Tuesday, January 29, 2008

It's in the bag

When a friend and I were at Klose Knits in Urbana the other day, we saw Brigette had some felted bags for sale that were made from old wool sweaters. They were so cute but I had to ask myself, how hard could that be. I hadn’t actually thought I would do it until I drove by a Salvation Army store and, on a whim, thought, “Why not!”

I found 2 sweaters that I thought could work – a whole $3 each – and brought them home. I threw the 2 of them into the washer with some hot water and soap (one of them was rather nasty dirty) and let the washer, water and soap do their thing. About 15 minutes later I ended up with 2 nicely felted woolen sweaters – much cleaner as well, might I add.

Last night I got the bug so went to town with the old scissors and here’s what I came up with. The great thing is that the sides are already sewn together – no seaming there. I just need to stitch up the bottom, hem the flap, matress stitch the raw edges and figure out the strap. All I did for the flap is fold the extra part from the front part of the sweater to the inside as a lining and then bring the back part over for the front flap. For the strap, I have the sleeve material and I may try to do something with that, although that will take considerably more seaming. With the way the fair isle is worked, however, I think I would still have a good flow of the pattern if I do use those pieces. The other possibility would be to buy a ready made strap. Honestly, I can’t remember now what the others looked like. Anyway, here’s my $3 felted fair isle bag!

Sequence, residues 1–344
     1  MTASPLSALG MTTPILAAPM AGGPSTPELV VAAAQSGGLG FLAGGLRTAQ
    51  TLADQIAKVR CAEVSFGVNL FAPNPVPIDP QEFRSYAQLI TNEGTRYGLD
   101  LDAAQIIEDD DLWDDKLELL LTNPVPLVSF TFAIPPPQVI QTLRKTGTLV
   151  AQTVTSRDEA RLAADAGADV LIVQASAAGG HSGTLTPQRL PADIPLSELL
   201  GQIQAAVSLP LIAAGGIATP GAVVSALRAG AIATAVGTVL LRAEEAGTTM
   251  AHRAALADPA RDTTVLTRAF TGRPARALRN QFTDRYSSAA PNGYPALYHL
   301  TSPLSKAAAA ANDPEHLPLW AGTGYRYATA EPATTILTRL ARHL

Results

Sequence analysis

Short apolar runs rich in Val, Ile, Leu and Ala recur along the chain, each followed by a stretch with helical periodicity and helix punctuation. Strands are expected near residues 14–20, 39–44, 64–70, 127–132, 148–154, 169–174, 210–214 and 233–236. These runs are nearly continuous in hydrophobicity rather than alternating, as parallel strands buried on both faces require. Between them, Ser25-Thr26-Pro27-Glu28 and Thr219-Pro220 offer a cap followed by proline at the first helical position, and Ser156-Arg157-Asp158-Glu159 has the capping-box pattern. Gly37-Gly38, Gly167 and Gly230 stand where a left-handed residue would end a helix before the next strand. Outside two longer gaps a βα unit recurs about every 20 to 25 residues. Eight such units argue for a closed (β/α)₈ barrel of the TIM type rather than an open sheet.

Mine won't be nearly so well-finished as the ones in the shop but, I like to try almost anything once!

How fun and easy is that!

By the way, there's no point of reference for size but it comes out as a messenger bag sort of size. If you want to try this remember the felting rule of thumb (it may only be my thumb but it has worked for me): a knitted item will tend to felt about 5-10% width-wise and about 30% lengthwise. In other words, don't expect the width of the bag to be that much less than the original sweater. If you want it smaller, just cut the side seams and sew around the both sides and the bottom.

Sunday, January 27, 2008

Design Exercise

One of my favorite design exercises is to find an interesting item or an interesting yarn and try to design something around it. I thought it might be fun to blog through the process.

As an example, I’m going to design a purse around this beautiful piece of coral.

I found this recently at La Bead Oh, my local bead shop. I spent the afternoon just sort of mulling over the shape and color of the coral, trying to imagine how it could be used. I worked on a couple of simple sketches to experiment with what I would need to do to make it look like what I see in my head.